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Virginia lacrosse teams cope with slaying

Members of the Virginia women's lacrosse team, including

Members of the Virginia women's lacrosse team, including coach Julie Myers, second from right, attend a memorial for teammate Yeardley Love at the school in Charlottesville, Va. (May 5, 2010) Credit: AP

Beware of definitive truths for top-ranked Virginia in its NCAA men's lacrosse quarterfinal at Stony Brook Sunday. The obvious favorite against No. 8 Stony Brook, theoretically full of belief and steeped in talent capable of winning the national title but staggered by a May 3 slaying within its own tight community, Virginia continues to put one doubtful foot in front of the other.

Sunday's will be Virginia's second game since the arrest of team member George Huguely in the death of Virginia women's lacrosse player Yeardley Love, and nothing is certain beyond the fact that both of the school's teams will attempt to keep on keeping on. (Virginia's women, sixth-seeded in their tournament, play at No. 3 North Carolina in a Saturday quarterfinal.)

"People ask me how we're doing," said men's coach Dom Starsia, "and I say we're doing the best we can. Our lives have been changed forever. I can offer no expertise here, but I can and will offer everything else I have for these young men and women."

Along with Starsia, who was raised in Valley Stream, Virginia has nine Long Islanders on its player roster, making Sunday's game a homecoming of sorts with a sellout crowd in excess of 8,000 expected at Stony Brook's LaValle Stadium. A veritable lacrosse festival, except that Virginia is feeling its way through a world of hurt.

"I've spoken to a couple of guys down there," said Stony Brook goalie Charlie Paar, who has former Huntington High teammates and other close friends on the Virginia team. "They're just trying to get through it. I give them all the credit in the world. They seem to be doing OK. But you never know."

Amid the ongoing legal process - Huguely's next hearing is scheduled for June 10 - and countless questions, there are no real answers. "With something like this, people don't know what to do. They're confused," said Dr. Allan Lans, a Columbia University psychiatry professor who spent 18 years as the Mets' team psychiatrist.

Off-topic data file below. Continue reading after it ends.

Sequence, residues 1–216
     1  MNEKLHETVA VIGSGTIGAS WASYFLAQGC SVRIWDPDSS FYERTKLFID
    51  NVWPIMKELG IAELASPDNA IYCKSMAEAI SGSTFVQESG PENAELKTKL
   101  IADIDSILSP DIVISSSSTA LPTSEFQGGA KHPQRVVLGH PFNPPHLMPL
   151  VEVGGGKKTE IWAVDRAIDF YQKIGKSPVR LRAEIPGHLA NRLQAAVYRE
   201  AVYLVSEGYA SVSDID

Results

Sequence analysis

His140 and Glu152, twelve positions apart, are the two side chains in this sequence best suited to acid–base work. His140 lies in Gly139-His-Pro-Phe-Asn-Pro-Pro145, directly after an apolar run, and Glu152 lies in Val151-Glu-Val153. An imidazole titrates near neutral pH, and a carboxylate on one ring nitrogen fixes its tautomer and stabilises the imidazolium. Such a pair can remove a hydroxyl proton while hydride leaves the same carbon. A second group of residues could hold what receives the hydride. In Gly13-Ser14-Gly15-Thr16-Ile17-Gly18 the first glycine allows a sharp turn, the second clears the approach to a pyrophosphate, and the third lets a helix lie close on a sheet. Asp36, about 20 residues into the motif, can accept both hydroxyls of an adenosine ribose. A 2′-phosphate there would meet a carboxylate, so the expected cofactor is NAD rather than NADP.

The teams should continue to play, Lans said. "The ship has to sail," he said. "But will things ever be normal again? What's the right thing? As if there is a right thing to do. How do you counsel these kids? Look, they're athletes, and I know athletes are not supposed to discuss and have feelings, but everyone has to have feelings about this. . . . This one, you can't rub a little dirt on it."

Further, there is the public nature of the calamity, prompting University of Virginia officials to shield players from reporters and for Starsia and women's coach Julie Myers to confront matters beyond the playing field. "We know we're part of the story," Myers said yesterday. "But we're sticking to our purpose, which is trying to heal and trying to play lacrosse. Lacrosse is our thing and our vehicle for staying together."

This week, Starsia - whose father died just four days after the May 3 slaying, taking him away from his team for several days - organized a dinner for members of both teams at his home. "I told our kids early on," he said, "that there was just no road map for us in a situation like this, and my own situation at home popped up. All I could do was kind of stand up as straight as I could, be as honest as I could and offer myself to anyone who asked.

"What I've been struck with is what you don't always see in this profession - the emotional side of college-age males. They're not afraid to talk to each other and to me a little bit."

Then, of course, there is Huguely. Should Starsia reach out to him? "I don't know where that one goes yet," Starsia said. "I'm not prepared to answer that at this moment. Certainly, it's something I've thought about a lot."

Meanwhile, he said, "We're moving forward. Slowly."

New York Sports